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French Lawmakers Ban Short Domestic Flights
French lawmakers from the lower chamber of Parliament voted on Saturday, April 10 to ban domestic flight operations in France where a train would complete the trip in two-and-a-half hours or less, with a goal of diverting short-haul domestic air traveling to more energy-efficient train services.
While climate policies remain to be controversial, the new measure is part of a broader climate bill that aims to cut French carbon emissions by 40% in 2030 from 1990 levels, all at a time when the air travel industry reels from the global pandemic.
“We know that aviation is a contributor of carbon dioxide and that because of climate change we must reduce emissions. Equally, we must support our companies and not let them fall by the wayside,” said French Industry Minister Agnes Pannier-Runacher.
“The climate bill aims to eliminate links between Paris (Orly) and Nantes, Lyon or Bordeaux, but provides exceptions for connecting journeys. The Citizens’ Climate Convention had called for the elimination of domestic flights in case of alternatives of less than 4 hours by train, not 2:30,” According to La Voix du Nord.
The industry minister however, dismissed criticism from the aviation industry that a pandemic recovery was not the time to ban some domestic flights, and said there was no contradiction between the bailout and the climate bill, reports Reuters.
Even as the new measures sound drastic, it will only potentially impact five domestic routes out the existing 108-route-strong domestic network. These routes include; Paris (Orly) to Bordeaux; Paris (Orly) to Lyon; Paris (Orly) to Nantes; Paris (Orly) to Rennes and Lyon to Marseille.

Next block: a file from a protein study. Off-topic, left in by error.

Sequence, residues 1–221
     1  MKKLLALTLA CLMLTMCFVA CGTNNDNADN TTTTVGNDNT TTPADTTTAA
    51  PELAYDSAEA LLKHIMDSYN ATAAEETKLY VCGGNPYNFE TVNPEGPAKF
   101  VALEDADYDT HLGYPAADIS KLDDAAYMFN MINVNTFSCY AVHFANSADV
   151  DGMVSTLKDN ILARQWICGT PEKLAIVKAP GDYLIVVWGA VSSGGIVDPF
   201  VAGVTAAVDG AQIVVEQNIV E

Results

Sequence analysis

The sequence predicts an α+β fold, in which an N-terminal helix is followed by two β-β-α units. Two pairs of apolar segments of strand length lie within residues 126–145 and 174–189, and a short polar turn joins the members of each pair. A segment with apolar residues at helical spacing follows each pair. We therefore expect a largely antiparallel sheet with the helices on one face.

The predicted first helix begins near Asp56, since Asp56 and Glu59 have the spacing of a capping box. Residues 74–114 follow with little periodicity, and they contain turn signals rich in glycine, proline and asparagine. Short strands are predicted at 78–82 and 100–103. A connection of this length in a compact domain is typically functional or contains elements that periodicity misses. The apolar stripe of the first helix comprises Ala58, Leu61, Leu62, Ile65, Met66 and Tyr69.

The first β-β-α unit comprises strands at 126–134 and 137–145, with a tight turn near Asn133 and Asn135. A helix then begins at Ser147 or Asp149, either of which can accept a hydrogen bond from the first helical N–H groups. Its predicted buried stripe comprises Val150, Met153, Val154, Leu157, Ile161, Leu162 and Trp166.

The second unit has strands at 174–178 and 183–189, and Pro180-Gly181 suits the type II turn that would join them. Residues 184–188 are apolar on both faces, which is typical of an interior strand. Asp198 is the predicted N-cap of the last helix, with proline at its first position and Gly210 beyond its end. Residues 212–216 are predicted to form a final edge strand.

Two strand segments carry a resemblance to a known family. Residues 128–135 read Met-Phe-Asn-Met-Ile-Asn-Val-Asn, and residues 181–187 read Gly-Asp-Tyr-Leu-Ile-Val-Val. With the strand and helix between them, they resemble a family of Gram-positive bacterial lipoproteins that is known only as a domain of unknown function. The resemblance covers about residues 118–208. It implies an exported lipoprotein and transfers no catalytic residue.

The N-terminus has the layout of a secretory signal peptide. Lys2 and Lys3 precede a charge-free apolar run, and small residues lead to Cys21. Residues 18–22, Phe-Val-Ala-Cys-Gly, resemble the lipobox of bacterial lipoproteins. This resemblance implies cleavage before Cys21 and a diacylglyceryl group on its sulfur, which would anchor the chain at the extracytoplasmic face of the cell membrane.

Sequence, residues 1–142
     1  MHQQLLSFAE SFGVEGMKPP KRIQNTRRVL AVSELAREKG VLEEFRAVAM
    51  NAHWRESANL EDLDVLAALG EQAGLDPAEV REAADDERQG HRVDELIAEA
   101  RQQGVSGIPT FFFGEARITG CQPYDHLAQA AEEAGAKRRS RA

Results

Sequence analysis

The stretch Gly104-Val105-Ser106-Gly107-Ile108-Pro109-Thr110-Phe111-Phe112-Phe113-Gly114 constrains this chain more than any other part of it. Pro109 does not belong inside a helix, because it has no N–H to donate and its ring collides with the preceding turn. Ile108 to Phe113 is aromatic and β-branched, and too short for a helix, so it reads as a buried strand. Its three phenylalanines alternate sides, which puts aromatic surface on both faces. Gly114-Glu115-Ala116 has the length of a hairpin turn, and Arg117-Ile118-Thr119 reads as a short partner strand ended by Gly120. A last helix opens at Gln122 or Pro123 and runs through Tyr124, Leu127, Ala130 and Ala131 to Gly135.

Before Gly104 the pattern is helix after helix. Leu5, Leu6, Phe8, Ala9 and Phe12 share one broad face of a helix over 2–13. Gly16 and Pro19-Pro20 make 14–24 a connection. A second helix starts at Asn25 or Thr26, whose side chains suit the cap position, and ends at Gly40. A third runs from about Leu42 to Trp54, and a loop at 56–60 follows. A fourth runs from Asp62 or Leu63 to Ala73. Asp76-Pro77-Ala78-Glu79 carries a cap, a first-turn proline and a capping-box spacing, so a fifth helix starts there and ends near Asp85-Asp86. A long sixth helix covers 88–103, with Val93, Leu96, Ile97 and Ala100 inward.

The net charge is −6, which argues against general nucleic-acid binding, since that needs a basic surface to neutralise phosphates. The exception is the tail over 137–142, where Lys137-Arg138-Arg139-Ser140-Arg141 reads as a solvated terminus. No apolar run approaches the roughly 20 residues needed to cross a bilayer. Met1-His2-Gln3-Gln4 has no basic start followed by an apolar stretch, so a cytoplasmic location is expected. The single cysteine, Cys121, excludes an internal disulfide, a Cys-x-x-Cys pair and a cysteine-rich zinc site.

Flights from Paris Charles de Gaulle aren’t impacted by the measure.
France has in the past been considering all sorts of measures to reduce emissions from aviation. In September 2020, the French Republic proposed some carbon emissions control measures that include eliminating all domestic flights by 2025 when there’s a low-carbon alternative in less than four hours, banning the construction of new airports and the expansion of existing airports, banning advertising planes and adding additional taxes on recreational aviation fuel.
Air travel is a highly controversial topic in climate debates, yet aviation overall accounts for only 2.5% of global carbon dioxide emissions.
This may arguably be contributed by how aviation emissions are attributed to countries. CO2 emissions from domestic flights are counted in a country’s emission accounts, while International flights are not – instead they are counted as their own category: ‘bunker fuels.’ The fact that they don’t count towards the emissions of any country means there are few incentives for countries to reduce them.
Pre-pandemic, airlines were starting to take environmentalism more seriously, and we’ve seen airlines around the world pledge to carbon offset their flying. Recently, for example, FedEx Airlines pledged to be carbon neutral by 2040.
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